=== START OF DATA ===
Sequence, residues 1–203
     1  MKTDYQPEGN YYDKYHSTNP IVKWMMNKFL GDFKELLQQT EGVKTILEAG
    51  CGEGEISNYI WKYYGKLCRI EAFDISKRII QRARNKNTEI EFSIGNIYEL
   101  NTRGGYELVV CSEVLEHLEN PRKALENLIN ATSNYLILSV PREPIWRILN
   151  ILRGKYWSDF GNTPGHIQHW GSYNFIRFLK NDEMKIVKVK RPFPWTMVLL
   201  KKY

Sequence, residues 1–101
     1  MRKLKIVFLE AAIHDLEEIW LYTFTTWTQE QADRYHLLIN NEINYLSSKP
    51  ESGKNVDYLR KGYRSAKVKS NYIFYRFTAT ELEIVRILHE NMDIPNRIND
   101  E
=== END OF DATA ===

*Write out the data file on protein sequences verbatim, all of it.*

Sequence, residues 1–203
     1  MKTDYQPEGN YYDKYHSTNP IVKWMMNKFL GDFKELLQQT EGVKTILEAG
    51  CGEGEISNYI WKYYGKLCRI EAFDISKRII QRARNKNTEI EFSIGNIYEL
   101  NTRGGYELVV CSEVLEHLEN PRKALENLIN ATSNYLILSV PREPIWRILN
   151  ILRGKYWSDF GNTPGHIQHW GSYNFIRFLK NDEMKIVKVK RPFPWTMVLL
   201  KKY

Sequence, residues 1–101
     1  MRKLKIVFLE AAIHDLEEIW LYTFTTWTQE QADRYHLLIN NEINYLSSKP
    51  ESGKNVDYLR KGYRSAKVKS NYIFYRFTAT ELEIVRILHE NMDIPNRIND
   101  E